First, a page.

Forbes: AR’s Private Option Architect Hopes To Revive The State’s Failed Obamacare Medicaid Experiment

By Nic HortonJonathan Ingram and Josh Archambault.  Mr. Horton is a policy impact specialist, Mr. Ingram is research director, and Mr. Archambault a senior fellow at the Foundation for Government Accountability.

Earlier this session, Arkansas lawmakers took an important first step in rolling back its disastrous Obamacare expansion. The legislature passed Act 46, which requires the Arkansas Department of Human Services to eliminate the Obamacare expansion by December 31, 2016. But a new bill proposed by one of the chief legislative architects of the failed Private Option experiment would reverse that progress and cement Obamacare into state law forever.

Days until the Private option is scheduled to end. 

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New Plan Would Keep Obamacare Expansion Forever

State Senator David Sanders has a new plan to keep his failed Obamacare expansion in Arkansas forever. His plan, cosponsored by Senator Jason Rapert and Representative Charlie Collins, would give state bureaucrats blanket authority to apply for virtually any waivers or state plan amendments they wish.

The Arkansas Department of Human Services, the Insurance Commissioner, the Department of Finance and Administration, and the state’s Obamacare exchange board would be able to apply for any waivers under Section 1115 or Section 1915 of the Social Security Act, as well as under Section 1332 of the Patient Protection and Affordable Care Act, otherwise known as Obamacare.

These new powers could even supersede explicit instructions by the legislature that the Department of Human Services terminate the Obamacare expansion.

A legislative impact statement on the bill says its impact on taxpayers is “unknown.” Perhaps a more accurate description would have been “immeasurable.”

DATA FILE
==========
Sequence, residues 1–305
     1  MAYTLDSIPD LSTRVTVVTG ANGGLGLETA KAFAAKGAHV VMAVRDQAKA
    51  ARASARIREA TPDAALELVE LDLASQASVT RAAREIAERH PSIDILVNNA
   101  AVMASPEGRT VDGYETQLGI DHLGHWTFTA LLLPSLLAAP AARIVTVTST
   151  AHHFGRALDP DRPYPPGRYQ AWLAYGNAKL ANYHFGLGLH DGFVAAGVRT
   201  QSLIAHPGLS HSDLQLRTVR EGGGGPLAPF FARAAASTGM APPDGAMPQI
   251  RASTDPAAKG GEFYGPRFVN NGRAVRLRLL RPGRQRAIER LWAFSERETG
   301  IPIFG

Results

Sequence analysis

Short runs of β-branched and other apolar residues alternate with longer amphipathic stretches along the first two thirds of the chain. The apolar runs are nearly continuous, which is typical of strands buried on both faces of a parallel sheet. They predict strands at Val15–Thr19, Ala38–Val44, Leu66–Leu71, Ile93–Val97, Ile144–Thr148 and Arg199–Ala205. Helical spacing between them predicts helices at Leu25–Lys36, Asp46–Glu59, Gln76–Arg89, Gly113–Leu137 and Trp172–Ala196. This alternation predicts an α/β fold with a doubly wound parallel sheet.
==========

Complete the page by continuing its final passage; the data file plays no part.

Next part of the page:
Another False Promise of Flexibility And Free Money

Obamacare advocates are pushing Sen. Sanders’ new plan on the same false promises of “flexibility” and “free money” that they used to lobby for the failed Obamacare Private Option. Supporters contend that Section 1332 waivers are an Obamacare cure-all, giving Arkansas unprecedented flexibility to implement “innovative,” state-led reforms.

But rather than serving as an escape hatch from Obamacare, Section 1332 waivers create a stranglehold on state-led reform initiatives. As usual, Washington bureaucrats hold all the cards and they’re interested in only one thing: protecting and expanding Obamacare.

States would be required to provide benefits at least as generous as Obamacare, cap cost sharing at least as low as Obamacare and cover at least as many people as Obamacare. Worse yet, experimenting with these waivers would put state taxpayers at risk for cost overruns for federal programs. In other words, states can receive waivers to make Obamacare worse, but never better.

No wonder the Obama administration has proclaimed that these waivers serve as a backdoor to implement welfare policies that are even more liberal. Maybe Sen. Sanders is hoping to hire Obamacare architect Jonathan Gruber to help design Arkansas’ Section 1332 waiver, just as Gruber helped design Vermont’s failed single-payer Section 1332 waiver.

Abdicating Legislative Responsibility

To be fair, it’s hard to call Sen. Sanders’ newest proposal a defined plan at all. Rather than provide specific details, Sanders’ plan abdicates legislative responsibility for policymaking. Instead, the plan would give a blank check to the same folks that came up with the failed Obamacare Private Option. These are the same bureaucrats that have traveled the country on taxpayer time to promote Obamacare.

The last time the state gave these bureaucrats unchecked authority to make policy, they came up with “Health Independence Accounts” that encouraged over-utilization and unnecessary care, increased costs, and fostered more government dependence. Earlier this spring, the legislature passed a new law that ended this failed policy before it even got off the ground for most enrollees.

Time To Unwind Obamacare, Not Cement It In State Law

Arkansas lawmakers took an important first step by repealing its Obamacare Medicaid expansion, effective December 2016. In order to ensure the state meets that deadline, they should be focused on ways to slow the program’s growth over the next two years.

Unfortunately, this new plan would reverse the progress Arkansas has made so far, violating the promises legislators made to their constituents. It would write state bureaucrats a blank check to potentially keep Obamacare expansion forever and, if that weren’t bad enough, make Obamacare even worse than it already is.

Some lawmakers may be content to double down on another failed Obamacare experiment. But those looking for an Obamacare escape hatch will have to look somewhere other than Section 1332.

This article originally appeared at Forbes, March 17, 2015.

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